Looking at 67b8fcee:

Ronnie Sahlberg wrote:
> On Tue, May 27, 2014 at 5:11 PM, Jonathan Nieder <jrnie...@gmail.com> wrote:
>> Ronnie Sahlberg wrote:

>>> --- a/refs.c
>>> +++ b/refs.c
>>> @@ -2208,6 +2208,7 @@ int commit_packed_refs(void)
>>>       struct packed_ref_cache *packed_ref_cache =
>>>               get_packed_ref_cache(&ref_cache);
>>>       int error = 0;
>>> +     int save_errno = 0;
>> This is about making errno meaningful when commit_packed_refs returns
>> an error.  Probably its API documentation should say so to make it
>> obvious when people modify it in the future that they should preserve
>> that property or audit callers.

67b8fcee doesn't address this.  While it's often even better to return
an error message or meaningful error number so the caller doesn't have
to worry about errno at all, I think being explicit in the comment
above a declaration about which functions leave behind a meaningful
errno can make error handling saner.

So I still think that the above would be a good idea.

>> [...]
>>> @@ -2444,6 +2448,11 @@ static int repack_without_refs(const char 
>>> **refnames, int n)
>>>               return 0; /* no refname exists in packed refs */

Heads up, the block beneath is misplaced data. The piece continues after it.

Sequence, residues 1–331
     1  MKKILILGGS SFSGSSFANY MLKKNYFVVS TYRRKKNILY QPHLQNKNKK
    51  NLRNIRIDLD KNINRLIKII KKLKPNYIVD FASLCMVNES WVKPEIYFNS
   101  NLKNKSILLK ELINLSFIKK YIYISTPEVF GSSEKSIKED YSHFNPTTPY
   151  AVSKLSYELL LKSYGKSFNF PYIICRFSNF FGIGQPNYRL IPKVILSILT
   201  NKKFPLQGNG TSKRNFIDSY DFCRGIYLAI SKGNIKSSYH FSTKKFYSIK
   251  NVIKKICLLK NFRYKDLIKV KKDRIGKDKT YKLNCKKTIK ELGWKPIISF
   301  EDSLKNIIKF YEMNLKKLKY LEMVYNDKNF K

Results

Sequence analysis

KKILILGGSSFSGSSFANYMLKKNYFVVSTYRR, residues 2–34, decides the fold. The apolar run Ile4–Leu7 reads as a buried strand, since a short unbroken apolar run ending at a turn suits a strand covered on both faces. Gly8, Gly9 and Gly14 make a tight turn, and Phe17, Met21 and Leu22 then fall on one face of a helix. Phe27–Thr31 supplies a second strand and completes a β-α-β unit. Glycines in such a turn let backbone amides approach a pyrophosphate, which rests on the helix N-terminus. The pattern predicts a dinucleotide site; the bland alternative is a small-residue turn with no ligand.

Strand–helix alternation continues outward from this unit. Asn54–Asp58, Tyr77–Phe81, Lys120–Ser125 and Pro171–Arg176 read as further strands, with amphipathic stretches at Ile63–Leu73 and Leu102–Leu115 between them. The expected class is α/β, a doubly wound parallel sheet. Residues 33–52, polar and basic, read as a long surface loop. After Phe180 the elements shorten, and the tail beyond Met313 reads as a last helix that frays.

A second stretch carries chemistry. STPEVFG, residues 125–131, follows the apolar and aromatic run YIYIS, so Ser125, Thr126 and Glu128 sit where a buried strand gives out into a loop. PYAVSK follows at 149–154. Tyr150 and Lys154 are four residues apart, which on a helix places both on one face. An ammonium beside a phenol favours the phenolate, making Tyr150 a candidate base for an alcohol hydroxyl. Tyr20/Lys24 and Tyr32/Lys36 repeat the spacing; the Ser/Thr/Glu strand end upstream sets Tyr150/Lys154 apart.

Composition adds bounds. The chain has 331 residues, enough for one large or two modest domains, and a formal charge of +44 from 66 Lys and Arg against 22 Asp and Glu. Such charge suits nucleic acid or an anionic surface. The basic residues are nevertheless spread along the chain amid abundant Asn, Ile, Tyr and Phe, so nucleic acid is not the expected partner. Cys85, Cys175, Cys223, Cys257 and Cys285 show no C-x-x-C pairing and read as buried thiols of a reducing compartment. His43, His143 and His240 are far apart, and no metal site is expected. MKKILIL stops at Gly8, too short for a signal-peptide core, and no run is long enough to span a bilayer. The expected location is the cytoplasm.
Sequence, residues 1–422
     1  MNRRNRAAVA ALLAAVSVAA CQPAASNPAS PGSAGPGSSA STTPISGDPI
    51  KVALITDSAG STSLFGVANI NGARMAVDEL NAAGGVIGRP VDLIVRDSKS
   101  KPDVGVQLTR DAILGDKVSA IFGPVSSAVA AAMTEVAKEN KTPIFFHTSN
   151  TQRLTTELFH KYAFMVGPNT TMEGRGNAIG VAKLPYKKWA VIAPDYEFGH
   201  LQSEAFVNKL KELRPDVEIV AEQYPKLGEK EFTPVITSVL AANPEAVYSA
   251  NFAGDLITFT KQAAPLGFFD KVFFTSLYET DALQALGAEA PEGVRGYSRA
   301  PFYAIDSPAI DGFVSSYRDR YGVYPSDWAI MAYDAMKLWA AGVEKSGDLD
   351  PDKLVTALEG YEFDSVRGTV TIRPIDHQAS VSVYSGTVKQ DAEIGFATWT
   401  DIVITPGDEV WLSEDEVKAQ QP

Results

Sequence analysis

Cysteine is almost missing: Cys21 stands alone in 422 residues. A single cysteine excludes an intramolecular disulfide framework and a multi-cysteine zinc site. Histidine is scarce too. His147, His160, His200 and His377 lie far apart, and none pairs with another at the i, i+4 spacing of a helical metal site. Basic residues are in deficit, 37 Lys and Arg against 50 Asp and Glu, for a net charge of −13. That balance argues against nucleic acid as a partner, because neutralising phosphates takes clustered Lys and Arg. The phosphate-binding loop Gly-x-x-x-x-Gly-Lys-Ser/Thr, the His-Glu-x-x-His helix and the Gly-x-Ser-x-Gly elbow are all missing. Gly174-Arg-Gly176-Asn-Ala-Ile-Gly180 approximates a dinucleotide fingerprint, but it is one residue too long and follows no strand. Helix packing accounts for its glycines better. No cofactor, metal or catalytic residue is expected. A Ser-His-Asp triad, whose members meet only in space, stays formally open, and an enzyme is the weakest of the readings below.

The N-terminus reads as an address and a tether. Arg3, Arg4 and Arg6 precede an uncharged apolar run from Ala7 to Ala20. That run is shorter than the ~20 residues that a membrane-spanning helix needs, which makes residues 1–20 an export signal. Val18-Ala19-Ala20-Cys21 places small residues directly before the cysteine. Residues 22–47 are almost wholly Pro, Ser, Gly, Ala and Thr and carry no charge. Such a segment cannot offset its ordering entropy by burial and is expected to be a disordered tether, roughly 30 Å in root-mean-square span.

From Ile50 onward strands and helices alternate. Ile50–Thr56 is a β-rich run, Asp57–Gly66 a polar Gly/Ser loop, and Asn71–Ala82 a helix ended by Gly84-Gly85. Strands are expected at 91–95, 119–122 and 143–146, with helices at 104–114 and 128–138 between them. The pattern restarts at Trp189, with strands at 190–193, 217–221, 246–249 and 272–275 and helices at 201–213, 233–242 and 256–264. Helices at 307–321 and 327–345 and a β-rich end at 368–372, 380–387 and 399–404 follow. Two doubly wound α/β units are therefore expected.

>>>       if (lock_packed_refs(0)) {
>>> +             if (err) {
>>> +                     unable_to_lock_strbuf(git_path("packed-refs"), errno,
>>> +                                           err);
>>> +                     return -1;
>>> +             }
>>>               unable_to_lock_error(git_path("packed-refs"), errno);
>> Via the new call to unable_to_lock_..., repack_without_refs cares
>> about errno after a failed call to lock_packed_refs.  lock_packed_refs
>> can only fail in hold_lock_file_for_update.  hold_lock_file_for_update
>> is a thin wrapper around lockfile.c::lock_file.  lock_file can error
>> out because
>>         strlen(path) >= max_path_len
>>                                                            Could be a
>> separate, earlier patch (or a TODO comment in this patch to be
>> addressed with a later patch) since it's fixing an existing bug.
> I will add it to my todo list.

My worry with that is that it is too easy to forget that there is a
problem at all.  That's not *that* bad --- if no one remembers, how
serious of a problem was it, really?

Except that it makes reading code difficult.  It's easier to read
some code that prints strerror(errno) in a place that is known to
sometimes have errno==0 if there is a comment

         * NEEDSWORK: Tweak lock_packed_refs to either reliably
         * set errno to a sane value on error or to propagate
         * back error information another way.

Otherwise, the reader has to keep scratching their head, wondering
"how did this ever work?".

That's why I suggested adding a TODO comment.

> I think passing of errno around is too fragile and that we should
> avoid ad-hoc save_errno hacks and implement dedicated return codes to
> replace errno.
> We should only inspect errno immediately after a syscall has failed.

Sure, agreed in principle. ;-)

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